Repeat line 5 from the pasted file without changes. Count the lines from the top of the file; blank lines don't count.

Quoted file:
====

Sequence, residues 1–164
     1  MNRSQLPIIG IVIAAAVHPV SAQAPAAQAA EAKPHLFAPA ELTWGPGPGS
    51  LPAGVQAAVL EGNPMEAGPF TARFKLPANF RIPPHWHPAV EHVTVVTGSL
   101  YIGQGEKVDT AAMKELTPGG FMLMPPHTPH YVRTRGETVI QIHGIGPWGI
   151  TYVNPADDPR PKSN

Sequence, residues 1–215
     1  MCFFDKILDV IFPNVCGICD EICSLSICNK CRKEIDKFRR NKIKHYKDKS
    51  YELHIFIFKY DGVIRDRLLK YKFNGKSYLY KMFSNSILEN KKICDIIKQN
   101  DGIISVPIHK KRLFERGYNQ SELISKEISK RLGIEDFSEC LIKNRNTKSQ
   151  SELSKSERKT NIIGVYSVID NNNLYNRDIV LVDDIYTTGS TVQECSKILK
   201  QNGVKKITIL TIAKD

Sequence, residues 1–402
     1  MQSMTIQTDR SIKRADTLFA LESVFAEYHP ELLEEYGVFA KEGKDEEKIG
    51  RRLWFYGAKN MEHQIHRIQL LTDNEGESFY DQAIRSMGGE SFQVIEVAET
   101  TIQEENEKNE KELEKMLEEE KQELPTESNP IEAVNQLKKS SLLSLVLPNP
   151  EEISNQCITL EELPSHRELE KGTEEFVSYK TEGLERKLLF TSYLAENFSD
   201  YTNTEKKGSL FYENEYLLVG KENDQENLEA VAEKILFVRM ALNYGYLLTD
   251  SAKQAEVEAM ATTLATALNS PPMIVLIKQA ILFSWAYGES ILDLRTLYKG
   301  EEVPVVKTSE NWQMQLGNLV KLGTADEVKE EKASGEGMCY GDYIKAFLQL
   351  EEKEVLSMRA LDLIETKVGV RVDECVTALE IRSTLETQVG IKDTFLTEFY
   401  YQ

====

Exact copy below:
   151  TYVNPADDPR PKSN